A disability should not impede you from enjoying the occasional holiday. Fortunately, the tourism industry, aided by European regulations and funding, is getting better and better at ensuring accessible facilities for all. Don’t hesitate to book your holiday now. You could be jetting off to exciting places including…
The seaside city of Barcelona caters towards all visitors. Wheelchair users will be happy to hear streets are built with ramps to make crossing them easy. Many attractions, Usedom Hotel including the famous Park Guell are also accessible though do require a strong pair of helping hands to tackle the upward journey along many paths.
Sagrada Familia cathedral is accessible, as are the Barcelona Football Club Museum, and Picasso Museum.
Many city centre hotels offer accessible accommodation, but it is strongly recommended to book in advance to avoid disappointment as Barcelona can get very busy, particularly during the spring and summer months.
Germany’s capital city is full of history and attractions worth experiencing. The local travel industry welcomes disabled visitors. To get around the big city, accessible taxis and buses are readily available.
One of the city’s prized sights is the Bundestag or parliament building. Its stunning glass dome provides views across the sprawling city. Book your visit in advance to guarantee a space. You can also dine at the rooftop restaurant.
History buffs will appreciate a visit to the Mauermuseum and Checkpoint Charlie, the old border-crossing between East and West Germany. The museum hosts exhibitions, lectures and movies on the country’s somewhat recent history.
Other attractions you could be visiting include Alexanderplatz, Berliner Dom, and Brandenburger Tor.
Many chain hotels offer fully accessible rooms and facilities in the city centre.
Britain’s second city was deemed a must-see city by the New York Times earlier in the year. Praised for its urban regeneration, the city has well and truly waved goodbye to its heavily industrial past. Birmingham is a great destination for anyone interested in the arts, nightlife and shopping. It is also home to an array of accessible attractions.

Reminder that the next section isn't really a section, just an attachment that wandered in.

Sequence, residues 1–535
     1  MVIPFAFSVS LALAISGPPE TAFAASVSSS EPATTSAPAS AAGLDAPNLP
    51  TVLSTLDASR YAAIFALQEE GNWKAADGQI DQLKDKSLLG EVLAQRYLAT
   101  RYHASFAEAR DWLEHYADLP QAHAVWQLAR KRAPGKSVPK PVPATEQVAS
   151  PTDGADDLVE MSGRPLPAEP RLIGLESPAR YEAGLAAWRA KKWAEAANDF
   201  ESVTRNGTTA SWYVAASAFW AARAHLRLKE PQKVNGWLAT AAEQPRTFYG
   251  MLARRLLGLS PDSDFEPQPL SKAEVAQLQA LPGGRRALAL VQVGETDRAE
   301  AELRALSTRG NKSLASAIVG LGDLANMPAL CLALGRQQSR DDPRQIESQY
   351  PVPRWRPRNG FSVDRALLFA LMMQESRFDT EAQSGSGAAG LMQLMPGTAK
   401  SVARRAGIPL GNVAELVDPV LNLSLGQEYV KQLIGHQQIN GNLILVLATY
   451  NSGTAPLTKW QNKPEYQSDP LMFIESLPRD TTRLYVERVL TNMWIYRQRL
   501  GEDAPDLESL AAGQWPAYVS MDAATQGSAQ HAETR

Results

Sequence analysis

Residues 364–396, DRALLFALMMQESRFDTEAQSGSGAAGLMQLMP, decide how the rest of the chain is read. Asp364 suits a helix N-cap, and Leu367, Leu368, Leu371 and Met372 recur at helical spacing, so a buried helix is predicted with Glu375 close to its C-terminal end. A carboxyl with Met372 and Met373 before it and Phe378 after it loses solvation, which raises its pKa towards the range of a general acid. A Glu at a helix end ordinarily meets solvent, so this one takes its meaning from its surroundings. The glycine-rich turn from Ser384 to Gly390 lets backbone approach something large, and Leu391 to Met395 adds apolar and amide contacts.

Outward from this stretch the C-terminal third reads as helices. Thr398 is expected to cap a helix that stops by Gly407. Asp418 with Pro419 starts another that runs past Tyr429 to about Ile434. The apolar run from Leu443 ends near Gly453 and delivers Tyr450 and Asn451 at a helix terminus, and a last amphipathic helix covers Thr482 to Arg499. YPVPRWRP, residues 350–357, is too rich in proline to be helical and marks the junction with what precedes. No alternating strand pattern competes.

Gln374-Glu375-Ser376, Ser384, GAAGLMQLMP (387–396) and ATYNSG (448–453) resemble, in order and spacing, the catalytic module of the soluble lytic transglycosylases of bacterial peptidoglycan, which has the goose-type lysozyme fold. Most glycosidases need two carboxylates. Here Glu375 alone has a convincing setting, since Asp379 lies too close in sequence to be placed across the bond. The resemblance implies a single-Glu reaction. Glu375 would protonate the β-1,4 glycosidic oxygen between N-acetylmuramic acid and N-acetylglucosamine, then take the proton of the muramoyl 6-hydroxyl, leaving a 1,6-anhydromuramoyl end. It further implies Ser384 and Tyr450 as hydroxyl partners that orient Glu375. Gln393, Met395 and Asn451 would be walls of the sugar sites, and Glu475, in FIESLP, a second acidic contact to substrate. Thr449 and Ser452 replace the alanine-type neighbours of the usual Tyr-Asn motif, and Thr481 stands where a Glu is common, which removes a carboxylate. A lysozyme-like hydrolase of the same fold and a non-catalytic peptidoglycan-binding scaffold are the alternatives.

Ikon Gallery is fully accessible for wheelchair users, and allows guide and hearing dogs. You can also arrange for a wheelchair for use on the spot. The gallery features Usedom Hotel regular, mixed media exhibitions from photography and film to paintings.
Shoppers will be pleased to hear the contemporary Mailbox centre is fully compliant with DDA regulations. Lifts are fully accessible with voice and Braille announcements. Shops include AllSaints, Jaeger, and Bang & Olufsen. You can also dine on the spot at restaurants like Cote, and Caffe Gusto.
The Marriott Frankfurt is location across from the Frankfurt Convention Center (“Messe Frankfurt”), which is great for tradeshows, but not the best location for touring the city. However, it offers some great amenities and services. I stayed at this hotel for about 3 nights and was very impressed with what it had to offer. There was a nice little coffee bar and cafe, Espressivo Cafe & Bar, that made great espresso and cappuccino. On top of that, their muesli, yogurt and sandwiches were fantastic (think fresh crusty bread with fine prosciutto or salami, not the 3 day old prepackaged sandwiches you get at most Usedom Hotel Starbucks that are located in North American Marriott’s). There was also a Champions Sports bar and French Brasserie, Brasserie ici.
As a Marriott Platinum, I stay at a lot of Marriott’s and would have to rank the concierge lounge and fitness center at this place right at the top of all Marriott’s. The lounge had a fairly substantial buffet for both breakfast and dinner. The fitness center was very large with treadmills, free weights, cardiovascular equipment and even had a juice bar that made protein drinks.
Points: The Marriott Frankfurt is a category 5 hotel with free nights requiring 25,000 Marriott Rewards Points per night (or 20,000 if you can get it as a PointSaver)